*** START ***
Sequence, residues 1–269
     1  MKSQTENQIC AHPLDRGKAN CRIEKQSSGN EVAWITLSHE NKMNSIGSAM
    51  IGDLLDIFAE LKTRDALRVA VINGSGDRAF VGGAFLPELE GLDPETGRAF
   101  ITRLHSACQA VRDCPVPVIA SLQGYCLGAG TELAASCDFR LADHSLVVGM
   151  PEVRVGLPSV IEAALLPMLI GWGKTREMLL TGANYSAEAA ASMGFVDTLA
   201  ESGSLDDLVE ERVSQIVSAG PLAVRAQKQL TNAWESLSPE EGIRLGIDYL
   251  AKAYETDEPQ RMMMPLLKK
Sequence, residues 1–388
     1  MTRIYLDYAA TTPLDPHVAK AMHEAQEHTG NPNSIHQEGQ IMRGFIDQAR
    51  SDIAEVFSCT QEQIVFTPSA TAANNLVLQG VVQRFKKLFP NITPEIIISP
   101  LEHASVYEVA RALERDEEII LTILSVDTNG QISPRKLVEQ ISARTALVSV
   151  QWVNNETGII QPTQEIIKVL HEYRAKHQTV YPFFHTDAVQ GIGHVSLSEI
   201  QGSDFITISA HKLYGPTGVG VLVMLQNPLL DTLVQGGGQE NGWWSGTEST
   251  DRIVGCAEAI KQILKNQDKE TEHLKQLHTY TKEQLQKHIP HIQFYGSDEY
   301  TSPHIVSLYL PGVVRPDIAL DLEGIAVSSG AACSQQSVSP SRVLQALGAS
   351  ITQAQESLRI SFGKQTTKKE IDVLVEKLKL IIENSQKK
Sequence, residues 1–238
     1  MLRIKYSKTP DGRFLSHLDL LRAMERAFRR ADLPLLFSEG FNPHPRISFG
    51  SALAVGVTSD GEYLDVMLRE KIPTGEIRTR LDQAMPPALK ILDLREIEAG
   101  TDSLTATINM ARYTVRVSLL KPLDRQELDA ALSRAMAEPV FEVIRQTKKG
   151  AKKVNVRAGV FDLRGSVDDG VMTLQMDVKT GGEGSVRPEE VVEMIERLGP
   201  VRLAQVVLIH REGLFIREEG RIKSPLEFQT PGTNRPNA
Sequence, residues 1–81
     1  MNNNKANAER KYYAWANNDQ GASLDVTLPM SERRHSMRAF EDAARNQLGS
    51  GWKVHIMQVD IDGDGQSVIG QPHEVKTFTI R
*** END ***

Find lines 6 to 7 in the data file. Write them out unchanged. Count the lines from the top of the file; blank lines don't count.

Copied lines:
   201  ESGSLDDLVE ERVSQIVSAG PLAVRAQKQL TNAWESLSPE EGIRLGIDYL
   251  AKAYETDEPQ RMMMPLLKK